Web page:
Four separate actions shut down Shell's work all day on Thursday
From 7am to 7pm on Thursday, the road between Shell's Bellanaboy refinery and the Aughoose compound was virtually shut down by local residents and supporters from the Rossport Solidarity Camp. Between a person sat on top of a tractor and then a tripod in the morning, a blockade of the scaffolding company responsible for getting the tripod removed, then a mass of people blocking the road outside the refinery in the afternoon, it was a brilliantly successful day.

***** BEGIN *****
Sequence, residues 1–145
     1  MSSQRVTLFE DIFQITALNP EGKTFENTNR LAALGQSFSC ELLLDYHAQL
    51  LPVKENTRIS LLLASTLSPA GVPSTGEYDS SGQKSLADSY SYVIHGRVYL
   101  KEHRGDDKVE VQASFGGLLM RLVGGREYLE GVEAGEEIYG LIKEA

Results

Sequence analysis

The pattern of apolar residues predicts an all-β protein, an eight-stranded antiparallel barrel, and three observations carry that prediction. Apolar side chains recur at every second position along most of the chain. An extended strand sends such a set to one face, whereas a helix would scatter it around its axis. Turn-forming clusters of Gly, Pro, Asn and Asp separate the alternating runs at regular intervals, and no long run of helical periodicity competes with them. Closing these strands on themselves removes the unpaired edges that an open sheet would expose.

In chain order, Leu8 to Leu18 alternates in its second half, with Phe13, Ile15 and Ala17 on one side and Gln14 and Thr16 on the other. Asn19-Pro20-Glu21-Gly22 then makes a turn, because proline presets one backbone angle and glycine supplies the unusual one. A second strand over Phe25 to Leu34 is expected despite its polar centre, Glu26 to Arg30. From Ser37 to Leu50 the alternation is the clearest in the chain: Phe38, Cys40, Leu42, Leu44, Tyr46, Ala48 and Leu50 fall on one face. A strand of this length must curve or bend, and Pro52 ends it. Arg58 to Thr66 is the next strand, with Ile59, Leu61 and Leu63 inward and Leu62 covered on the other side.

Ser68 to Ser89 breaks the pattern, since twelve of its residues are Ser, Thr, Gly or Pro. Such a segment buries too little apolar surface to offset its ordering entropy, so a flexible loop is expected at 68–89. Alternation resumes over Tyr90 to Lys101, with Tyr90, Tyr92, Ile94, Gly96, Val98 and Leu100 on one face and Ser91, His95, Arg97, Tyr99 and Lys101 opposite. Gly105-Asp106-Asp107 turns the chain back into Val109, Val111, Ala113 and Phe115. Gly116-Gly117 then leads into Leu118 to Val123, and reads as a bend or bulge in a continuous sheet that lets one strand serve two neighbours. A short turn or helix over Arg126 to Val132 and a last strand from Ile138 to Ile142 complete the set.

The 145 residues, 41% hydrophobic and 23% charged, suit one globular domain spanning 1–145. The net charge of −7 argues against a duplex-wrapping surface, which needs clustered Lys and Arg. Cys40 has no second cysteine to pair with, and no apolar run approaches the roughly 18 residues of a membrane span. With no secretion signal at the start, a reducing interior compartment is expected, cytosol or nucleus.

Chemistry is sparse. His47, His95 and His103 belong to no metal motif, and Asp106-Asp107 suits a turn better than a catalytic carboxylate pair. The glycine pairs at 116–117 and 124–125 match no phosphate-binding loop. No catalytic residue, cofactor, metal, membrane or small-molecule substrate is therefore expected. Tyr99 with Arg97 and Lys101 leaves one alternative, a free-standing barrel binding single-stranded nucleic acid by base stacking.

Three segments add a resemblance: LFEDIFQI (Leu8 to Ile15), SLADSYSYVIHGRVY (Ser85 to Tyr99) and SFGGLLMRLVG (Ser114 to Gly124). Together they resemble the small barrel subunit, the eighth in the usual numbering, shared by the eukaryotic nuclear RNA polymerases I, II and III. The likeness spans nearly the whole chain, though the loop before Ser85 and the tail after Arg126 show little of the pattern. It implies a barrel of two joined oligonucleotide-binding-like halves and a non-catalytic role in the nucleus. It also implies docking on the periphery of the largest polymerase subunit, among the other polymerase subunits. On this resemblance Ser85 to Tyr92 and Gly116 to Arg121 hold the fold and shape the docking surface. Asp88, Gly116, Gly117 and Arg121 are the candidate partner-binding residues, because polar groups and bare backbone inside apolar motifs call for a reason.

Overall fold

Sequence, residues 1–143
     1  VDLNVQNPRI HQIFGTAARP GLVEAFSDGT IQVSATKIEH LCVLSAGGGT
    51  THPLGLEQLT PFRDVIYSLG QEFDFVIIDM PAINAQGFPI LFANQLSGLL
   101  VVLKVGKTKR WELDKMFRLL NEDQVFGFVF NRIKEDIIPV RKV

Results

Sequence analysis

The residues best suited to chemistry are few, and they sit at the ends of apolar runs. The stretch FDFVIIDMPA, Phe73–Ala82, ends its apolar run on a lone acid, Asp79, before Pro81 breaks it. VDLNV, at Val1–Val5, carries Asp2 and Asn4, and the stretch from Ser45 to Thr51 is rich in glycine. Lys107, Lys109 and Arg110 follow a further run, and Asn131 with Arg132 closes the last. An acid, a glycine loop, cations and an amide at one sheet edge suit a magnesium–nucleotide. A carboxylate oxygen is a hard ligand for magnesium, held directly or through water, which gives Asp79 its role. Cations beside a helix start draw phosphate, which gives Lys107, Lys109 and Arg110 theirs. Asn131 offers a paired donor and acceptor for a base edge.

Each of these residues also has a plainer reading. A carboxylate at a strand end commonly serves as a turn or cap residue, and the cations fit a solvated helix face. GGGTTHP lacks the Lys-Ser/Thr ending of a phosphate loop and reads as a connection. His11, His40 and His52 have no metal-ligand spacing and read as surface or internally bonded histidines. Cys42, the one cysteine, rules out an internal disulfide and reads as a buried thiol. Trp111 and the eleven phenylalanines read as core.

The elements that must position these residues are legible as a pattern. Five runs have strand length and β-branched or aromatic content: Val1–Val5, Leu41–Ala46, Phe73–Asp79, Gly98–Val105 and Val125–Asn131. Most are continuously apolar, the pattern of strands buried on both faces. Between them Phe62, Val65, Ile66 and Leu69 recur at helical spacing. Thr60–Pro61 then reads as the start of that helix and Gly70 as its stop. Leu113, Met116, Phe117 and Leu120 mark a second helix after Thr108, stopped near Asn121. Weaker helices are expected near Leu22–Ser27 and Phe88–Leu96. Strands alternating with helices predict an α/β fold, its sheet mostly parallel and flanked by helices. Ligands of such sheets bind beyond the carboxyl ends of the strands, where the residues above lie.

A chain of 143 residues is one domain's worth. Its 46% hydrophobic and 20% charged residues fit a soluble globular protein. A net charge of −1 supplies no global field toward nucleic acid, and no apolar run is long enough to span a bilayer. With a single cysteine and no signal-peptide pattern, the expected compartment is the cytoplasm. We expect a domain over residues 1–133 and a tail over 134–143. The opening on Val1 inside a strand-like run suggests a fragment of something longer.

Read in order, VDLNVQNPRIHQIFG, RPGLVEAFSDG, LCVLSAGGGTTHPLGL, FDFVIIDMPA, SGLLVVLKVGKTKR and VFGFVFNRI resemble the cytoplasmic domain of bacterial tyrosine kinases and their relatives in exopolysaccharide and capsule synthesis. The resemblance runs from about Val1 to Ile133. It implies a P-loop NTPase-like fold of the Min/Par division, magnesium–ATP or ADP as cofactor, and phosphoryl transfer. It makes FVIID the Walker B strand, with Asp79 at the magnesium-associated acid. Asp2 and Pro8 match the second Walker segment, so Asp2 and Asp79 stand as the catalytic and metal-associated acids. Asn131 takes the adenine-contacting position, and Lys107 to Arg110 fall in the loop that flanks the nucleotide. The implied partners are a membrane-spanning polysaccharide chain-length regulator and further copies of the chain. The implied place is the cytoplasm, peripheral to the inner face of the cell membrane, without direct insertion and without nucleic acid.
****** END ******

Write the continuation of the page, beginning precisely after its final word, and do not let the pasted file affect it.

At 7am Thursday morning six people from the Rossport Solidarity Camp went down to the road between the refinery and the Aughoose compound to stop tractors from bringing equipment from the refinery to the compound. Currently Shell are trying to bring bogmats and fencing to the temporary compound at Aughoose in order to start building a permanent compound from which they hope to begin the tunnel for the onshore pipeline. The first tractor that came out of the refinery was stopped by the protesters, and one person who got on the roof of the tractor stayed on top for almost two and a half hours, keeping the road blocked that whole time. The person got down off the tractor before the garda cutting team (the team of guards whom remove protesters from heights) arrived and was not arrested. Once the road had been cleared a second tractor was being brought through with a garda escort and a group of protesters briefly blocked it. While all the guards were tied up with that, a tripod was set up just down the road beside the Coillte forest. That was the last tractor to enter the compound Thursday. The tripod was set up at 9:30am, and as soon as it went up a group in Crossmolina were ready to blockade the scaffolding company. AGS scaffolding is owned by the brother of Sergeant James Gill, and they get called in to build scaffolding around the tripods in order to get the climbers down. Five people in Crossmolina blocked the gates into the AGS car park with banners from the moment the tripod went up. Later on someone climbed on top of the scaffolding to ensure it couldn't go anywhere. The owner and driver of the truck was very like his brother, ramming the gate into people with a forklift. He lost control, driving erratically at the protesters and fetching a ladder as if he were part of the public order unit. The person got down from the truck without being arrested, and in total the scaffolding truck was blockaded for three and a half hours. When the scaffolding eventually got to the tripod at about 1:30pm, it took an hour and a half to build the scaffolding tower and remove the person from the tripod. When the scaffolding was built up to the level of the person in the tripod, the person climbed into the apex of the tripod, forcing them to build another level of scaffolding. The person climbed one of the poles of the scaffolding tower, then five gardaí came and pulled him down, handcuffed him and cable tied his ankles together. They passed him from the scaffolding tower down to gardaí on the ground in a manner quite dangerous for the climber's back. It wasn't until after 3pm that the road was cleared, by which time a crowd of 15 or 20 locals had gathered at the red bus outside Bellanboy refinery. People from the Rossport Solidarity Camp went down to the refinery to join the locals and when a tractor left the refinery headed for the Aughoose compound, people got in front of it, stopping it in the road. One person climbed up on top of the roof of the tractor and stayed up for about 20 minutes until he was removed quite violently and arrested. After the person was taken down off the tractor, people sat down in the road and refused to move when given Section 8 orders by the gardaí. About 20 people linked arms and legs and sat in the road in front of the tractor. The 30 or so guards there began forcibly removing people and carrying them to the side of the road, but people kept sitting back down and maintaining a running blockade. Sergeant Butler used pressure points on several people causing severe momentary pain, forcing them to release their grips on each other. But people kept coming back. Protesters would get removed, then sit back down and hold onto each other, get removed, then sit back down again. After about 40 minutes of this, the tractor began reversing back into the refinery gates and the guards got into their vans and left, defeated. The energy of everyone on the road at this point was absolutely incredible. With about 20 locals and about 20 folks from the Rossport Solidarity Camp, everyone was hollering with joy. When the tractor reversed into the refinery and people realised they'd won, many were in tears. Fisherman Pat O'Donnell (the chief) commented that it was “possibly the greatest day of the campaign.” This is the start of a new stage in the resistance against Shell. The momentum is felt by everyone here; it is clear that people have not given up. If you've been meaning to come but just haven't gotten around to it yet, come for a visit. There is plenty to do here including gardening, cooking, site maintenance, talking to locals or writing indymedia articles, as well as getting on top of tractors if you like that kinda thing. The only way to really understand what is happening here is to come and see for yourself. The camp is located in a field in Aughoose, between Pullathomas and Bellanaboy. To contact the camp, ring 085 114 1170 or email rossportsolidaritycamp[at]gmail[dot]com